Five research studies that the FCC commissioned to inform its members and staff for the quadrennial review of its media ownership rules are now available for public review. However, you’ll need to actually visit FCC headquarters at The Portals to look at the data.
“A number of the authors of the media ownership studies created data sets using proprietary information licensed to the author or the Commission. Beginning today [6/15], the data sets, as well as related materials necessary to replicate the studies’ analyses, including market data provided to the authors of the studies as ‘Government Furnished Information,’ will be made available for review and inspection by interested parties consistent with procedures contained in the Protective Order [issued by the FCC’s Media Bureau]. Prior to reviewing the proprietary data sets, parties are required to sign and submit the Declaration, which was released as part of the Protective Order. Parties also may be able to obtain licenses from licensors of the underlying proprietary data to evaluate the results of the studies and/or to develop other studies that will contribute to the record in this proceeding,” said the FCC announcement.
And, it’s not as simple as just showing up and browsing through the data.
“For many of the studies, the data sets that the Commission will make available are only readable by, and require the user to be familiar with, specific statistical software programs (namely, Gauss, R, and Stata). The Commission has a limited number of on-site computing resources available for use by members of the public. Therefore we recommend that interested parties call in advance to schedule use of the Commission’s facilities. Persons with a scheduled appointment will be given priority over walk-in users,” the Commission said.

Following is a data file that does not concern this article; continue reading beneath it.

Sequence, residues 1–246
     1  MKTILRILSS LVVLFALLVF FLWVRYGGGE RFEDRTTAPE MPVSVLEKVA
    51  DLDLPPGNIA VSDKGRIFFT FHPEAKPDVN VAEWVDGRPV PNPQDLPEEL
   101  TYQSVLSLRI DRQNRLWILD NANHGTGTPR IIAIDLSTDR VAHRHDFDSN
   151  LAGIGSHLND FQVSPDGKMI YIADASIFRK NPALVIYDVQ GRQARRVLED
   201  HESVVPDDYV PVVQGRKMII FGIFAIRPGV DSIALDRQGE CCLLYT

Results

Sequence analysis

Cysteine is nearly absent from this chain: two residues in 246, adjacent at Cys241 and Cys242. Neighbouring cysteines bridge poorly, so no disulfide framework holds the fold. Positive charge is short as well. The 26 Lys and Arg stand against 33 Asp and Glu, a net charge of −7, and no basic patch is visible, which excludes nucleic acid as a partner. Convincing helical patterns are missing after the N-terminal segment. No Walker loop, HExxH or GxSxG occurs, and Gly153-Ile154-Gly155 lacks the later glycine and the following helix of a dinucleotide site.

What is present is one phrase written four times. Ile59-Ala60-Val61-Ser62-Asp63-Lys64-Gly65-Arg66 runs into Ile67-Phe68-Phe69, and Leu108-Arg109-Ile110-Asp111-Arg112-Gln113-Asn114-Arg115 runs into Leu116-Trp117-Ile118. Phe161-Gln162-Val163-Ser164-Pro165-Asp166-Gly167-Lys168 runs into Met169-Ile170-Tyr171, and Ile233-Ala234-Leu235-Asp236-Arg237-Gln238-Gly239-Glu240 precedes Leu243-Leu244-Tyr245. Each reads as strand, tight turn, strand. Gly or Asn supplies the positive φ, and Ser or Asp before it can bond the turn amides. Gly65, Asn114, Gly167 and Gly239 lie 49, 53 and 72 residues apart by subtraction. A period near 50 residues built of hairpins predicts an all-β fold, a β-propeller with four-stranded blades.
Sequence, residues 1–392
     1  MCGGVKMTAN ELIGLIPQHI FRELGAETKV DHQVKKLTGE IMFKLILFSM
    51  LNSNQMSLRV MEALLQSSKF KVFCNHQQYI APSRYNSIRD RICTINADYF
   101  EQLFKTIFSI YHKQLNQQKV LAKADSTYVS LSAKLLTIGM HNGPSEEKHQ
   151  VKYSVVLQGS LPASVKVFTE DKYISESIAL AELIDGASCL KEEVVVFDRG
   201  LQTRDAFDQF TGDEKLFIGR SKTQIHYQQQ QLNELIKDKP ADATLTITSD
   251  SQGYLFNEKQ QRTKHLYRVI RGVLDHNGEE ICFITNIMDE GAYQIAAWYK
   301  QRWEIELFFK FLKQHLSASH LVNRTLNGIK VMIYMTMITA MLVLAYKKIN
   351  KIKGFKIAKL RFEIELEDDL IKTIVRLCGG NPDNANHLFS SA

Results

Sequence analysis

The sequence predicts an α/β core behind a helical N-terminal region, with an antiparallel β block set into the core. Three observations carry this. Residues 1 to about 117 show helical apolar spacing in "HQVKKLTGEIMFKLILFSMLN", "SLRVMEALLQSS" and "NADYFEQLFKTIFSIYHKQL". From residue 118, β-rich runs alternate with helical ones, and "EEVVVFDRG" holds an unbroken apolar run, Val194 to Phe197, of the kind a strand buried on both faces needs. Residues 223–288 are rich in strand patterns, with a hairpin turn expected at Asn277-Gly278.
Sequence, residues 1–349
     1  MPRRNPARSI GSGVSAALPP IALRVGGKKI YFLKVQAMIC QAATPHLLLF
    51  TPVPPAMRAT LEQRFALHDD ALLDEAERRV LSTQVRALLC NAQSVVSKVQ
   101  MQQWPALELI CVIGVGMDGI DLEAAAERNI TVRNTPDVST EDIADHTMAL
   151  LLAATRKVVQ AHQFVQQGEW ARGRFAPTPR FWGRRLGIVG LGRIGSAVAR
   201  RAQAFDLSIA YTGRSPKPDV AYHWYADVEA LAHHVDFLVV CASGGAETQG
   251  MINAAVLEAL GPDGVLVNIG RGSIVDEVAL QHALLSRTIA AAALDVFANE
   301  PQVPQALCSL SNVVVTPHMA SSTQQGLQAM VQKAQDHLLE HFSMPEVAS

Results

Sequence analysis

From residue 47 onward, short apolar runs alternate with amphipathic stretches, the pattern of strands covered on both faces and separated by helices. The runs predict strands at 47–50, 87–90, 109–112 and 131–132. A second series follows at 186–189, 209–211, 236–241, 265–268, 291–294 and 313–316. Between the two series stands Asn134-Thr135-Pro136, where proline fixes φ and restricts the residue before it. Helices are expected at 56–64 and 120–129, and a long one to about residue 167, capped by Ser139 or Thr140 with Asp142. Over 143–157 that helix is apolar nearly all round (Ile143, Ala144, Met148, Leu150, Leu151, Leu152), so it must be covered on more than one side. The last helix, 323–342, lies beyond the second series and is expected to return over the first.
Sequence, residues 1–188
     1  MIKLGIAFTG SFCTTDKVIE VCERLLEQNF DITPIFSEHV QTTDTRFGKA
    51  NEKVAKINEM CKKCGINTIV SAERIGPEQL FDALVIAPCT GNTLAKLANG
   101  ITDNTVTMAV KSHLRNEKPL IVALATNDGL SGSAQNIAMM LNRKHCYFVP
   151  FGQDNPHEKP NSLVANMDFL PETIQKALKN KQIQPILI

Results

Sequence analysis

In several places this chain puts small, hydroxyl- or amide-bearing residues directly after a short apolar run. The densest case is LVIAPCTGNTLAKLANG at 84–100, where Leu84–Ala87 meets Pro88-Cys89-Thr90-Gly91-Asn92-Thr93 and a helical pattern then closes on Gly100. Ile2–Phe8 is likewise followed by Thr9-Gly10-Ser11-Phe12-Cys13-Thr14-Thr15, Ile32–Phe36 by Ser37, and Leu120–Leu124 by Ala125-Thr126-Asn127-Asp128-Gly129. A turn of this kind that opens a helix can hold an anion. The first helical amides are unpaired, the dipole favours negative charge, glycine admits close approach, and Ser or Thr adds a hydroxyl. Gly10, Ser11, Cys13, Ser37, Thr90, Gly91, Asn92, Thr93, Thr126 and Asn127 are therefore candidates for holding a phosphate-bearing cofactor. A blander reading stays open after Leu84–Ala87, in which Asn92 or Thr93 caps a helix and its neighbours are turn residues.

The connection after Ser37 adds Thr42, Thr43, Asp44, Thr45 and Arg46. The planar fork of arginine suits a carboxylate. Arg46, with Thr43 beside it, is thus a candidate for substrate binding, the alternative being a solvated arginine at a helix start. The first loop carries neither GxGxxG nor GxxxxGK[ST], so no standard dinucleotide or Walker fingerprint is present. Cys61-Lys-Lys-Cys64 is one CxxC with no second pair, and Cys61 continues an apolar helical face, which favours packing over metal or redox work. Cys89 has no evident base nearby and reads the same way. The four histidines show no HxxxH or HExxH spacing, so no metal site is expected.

Here are the five newly-released media ownership studies, and their respective authors:
Media Ownership Study 3, How the Ownership Structure of Media Markets affects Civic Engagement and Political Knowledge, 2006-2008, by Lynn Vavreck, Simon Jackman, and Jeffrey B. Lewis
Media Ownership Study 5, Station Ownership and the Provision and Consumption of Radio News, by Joel Waldfogel
Media Ownership Study 6, Less of the Same: The Lack of Local News on the Internet, by Matthew Hindman
Media Ownership Study 7, Radio Station Ownership Structure and the Provision of Programming to Minority Audiences: Evidence from 2005-2009, by Joel Waldfogel
Media Ownership Study 9, A Theoretical Analysis of the Impact of Local Market Structure on the Range of Viewpoints Supplied, by Isabelle Brocas, Juan D. Carrillo, and Simon Wilkie